Hairspring amplitude problem…

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  • #48900
    tmac1956
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    All:

    I recently muddled my way through solving a low amplitude hairspring problem on a Hamilton 10s. After cleaning and putting it back together I noticed that while it did run for a while, the amplitude was about half what it should have been. After investigating the usual suspects, I found that that the screws holding the regulator onto the cap jewel didn’t screw through tightly into the balance cock. After searching for some larger screws and finding them (itโ€™s good to buy these tiny things in bulk – mine just paid for themselves), I had to ream out the cap jewel mount screw holes (that’s some tough steel by the way). Once I got it back together, the amplitude problem disappeared.

    Apparently, the force that normally gets transferred from the hairspring, then into the timing regulator, then into the balance cock, and then into the watch plate was being dampened by imperceptible vibrations of the timing regulator causing the low amplitude. (BTW…this is not a high end regulator).

    I just thought I’d share this should anyone else come up on the problem and cannot find the cause via normal means. Plus… I have so few successes these days. ;)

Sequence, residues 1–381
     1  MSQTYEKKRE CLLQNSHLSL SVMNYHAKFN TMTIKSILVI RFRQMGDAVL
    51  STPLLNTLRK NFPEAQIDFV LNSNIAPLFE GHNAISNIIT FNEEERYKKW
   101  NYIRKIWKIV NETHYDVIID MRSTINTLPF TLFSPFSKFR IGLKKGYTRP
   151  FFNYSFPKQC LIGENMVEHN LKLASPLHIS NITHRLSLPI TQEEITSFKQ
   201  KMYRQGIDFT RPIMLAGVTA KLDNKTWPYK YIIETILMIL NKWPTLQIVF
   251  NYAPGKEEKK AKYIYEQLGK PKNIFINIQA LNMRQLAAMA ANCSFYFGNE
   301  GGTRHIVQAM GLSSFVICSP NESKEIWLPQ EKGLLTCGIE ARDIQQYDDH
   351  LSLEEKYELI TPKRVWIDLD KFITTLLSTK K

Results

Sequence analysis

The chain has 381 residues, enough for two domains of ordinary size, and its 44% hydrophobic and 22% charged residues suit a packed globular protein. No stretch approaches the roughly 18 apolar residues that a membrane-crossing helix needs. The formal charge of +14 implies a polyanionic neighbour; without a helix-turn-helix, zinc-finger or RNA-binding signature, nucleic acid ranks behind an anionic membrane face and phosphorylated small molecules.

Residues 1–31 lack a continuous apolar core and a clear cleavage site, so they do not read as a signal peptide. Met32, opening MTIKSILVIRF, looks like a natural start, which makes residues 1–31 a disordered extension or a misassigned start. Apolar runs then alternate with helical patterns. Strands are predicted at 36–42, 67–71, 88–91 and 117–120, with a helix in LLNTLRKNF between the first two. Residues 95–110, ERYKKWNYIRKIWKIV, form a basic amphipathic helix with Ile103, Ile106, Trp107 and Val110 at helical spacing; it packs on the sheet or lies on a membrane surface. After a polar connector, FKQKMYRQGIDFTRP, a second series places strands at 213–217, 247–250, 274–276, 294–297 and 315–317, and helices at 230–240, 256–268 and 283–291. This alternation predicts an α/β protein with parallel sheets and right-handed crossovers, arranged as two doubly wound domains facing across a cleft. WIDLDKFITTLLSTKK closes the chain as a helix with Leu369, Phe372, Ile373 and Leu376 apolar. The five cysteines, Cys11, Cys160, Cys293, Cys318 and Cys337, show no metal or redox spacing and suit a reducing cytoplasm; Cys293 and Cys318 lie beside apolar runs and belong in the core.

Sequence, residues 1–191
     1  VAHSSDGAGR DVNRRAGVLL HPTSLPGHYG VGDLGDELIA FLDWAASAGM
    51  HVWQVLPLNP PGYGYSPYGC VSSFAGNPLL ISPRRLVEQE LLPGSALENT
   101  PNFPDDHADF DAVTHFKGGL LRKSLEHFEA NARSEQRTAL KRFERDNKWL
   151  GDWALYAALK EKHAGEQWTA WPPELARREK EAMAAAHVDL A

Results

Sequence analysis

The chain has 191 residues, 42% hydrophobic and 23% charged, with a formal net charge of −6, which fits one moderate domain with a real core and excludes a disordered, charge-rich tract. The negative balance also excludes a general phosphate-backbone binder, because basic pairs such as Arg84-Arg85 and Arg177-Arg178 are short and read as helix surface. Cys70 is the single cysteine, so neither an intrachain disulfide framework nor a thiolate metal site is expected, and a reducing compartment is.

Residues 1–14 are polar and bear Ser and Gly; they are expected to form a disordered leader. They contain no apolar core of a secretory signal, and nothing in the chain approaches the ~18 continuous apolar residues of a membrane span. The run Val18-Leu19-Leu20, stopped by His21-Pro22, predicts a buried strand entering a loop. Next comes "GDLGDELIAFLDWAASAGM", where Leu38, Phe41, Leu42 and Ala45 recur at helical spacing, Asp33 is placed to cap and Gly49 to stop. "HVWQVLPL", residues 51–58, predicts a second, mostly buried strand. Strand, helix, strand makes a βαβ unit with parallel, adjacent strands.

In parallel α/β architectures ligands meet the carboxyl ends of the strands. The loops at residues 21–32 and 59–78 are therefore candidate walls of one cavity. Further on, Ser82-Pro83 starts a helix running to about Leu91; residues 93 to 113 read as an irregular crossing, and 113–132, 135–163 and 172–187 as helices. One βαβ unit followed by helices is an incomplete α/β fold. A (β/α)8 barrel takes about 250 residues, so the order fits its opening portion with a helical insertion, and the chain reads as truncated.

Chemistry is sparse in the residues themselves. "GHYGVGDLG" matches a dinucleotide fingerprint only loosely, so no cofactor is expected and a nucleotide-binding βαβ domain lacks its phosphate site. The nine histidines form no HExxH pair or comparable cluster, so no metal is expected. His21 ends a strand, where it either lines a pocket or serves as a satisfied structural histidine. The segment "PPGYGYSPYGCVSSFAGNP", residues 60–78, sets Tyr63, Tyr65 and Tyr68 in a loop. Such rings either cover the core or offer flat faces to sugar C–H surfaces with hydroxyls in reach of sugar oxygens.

Later,
    Tom

    #56136
    arutha
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    Hi Tom,
    well done on getting the watch done :)
    One question though, if the screws were not allowing the regulator to be fixed securely would this also mean that the cap jewel would also have movement and maybe hinder the smooth running of the top pivot of the balance staff?
    Paul.

    #56137
    tmac1956
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    Paul:
    Arutha:

    Yes. That’s a possibility as well. But since the regulator has a compression fit around the plate in which the cap jewel resides and the hairspring rides in the regulator hairspring slot, I just figured that the amplitude problem was related to that. When I took it apart initally, I didn’t notice the screw problem. However, when attempting to put it back together it was clear that the screws were sized for the cap jewel plate and were too small for the balance cock, because the cap jewel wouldn’t stay on the balance cock after I tightened it as tight as possible (I think a repairman must have used the wrong screws for this and it was just setting there waiting for something to put pressure on it and allow it to fly off). It seemed as though the hairspring was supporting the regulator instead of the converse, which explains why it was losing time before I got hold of it. Anyway, it works now. I hope I have the correct diagnosis. If not then why am I surprised? ๐Ÿ˜ฎ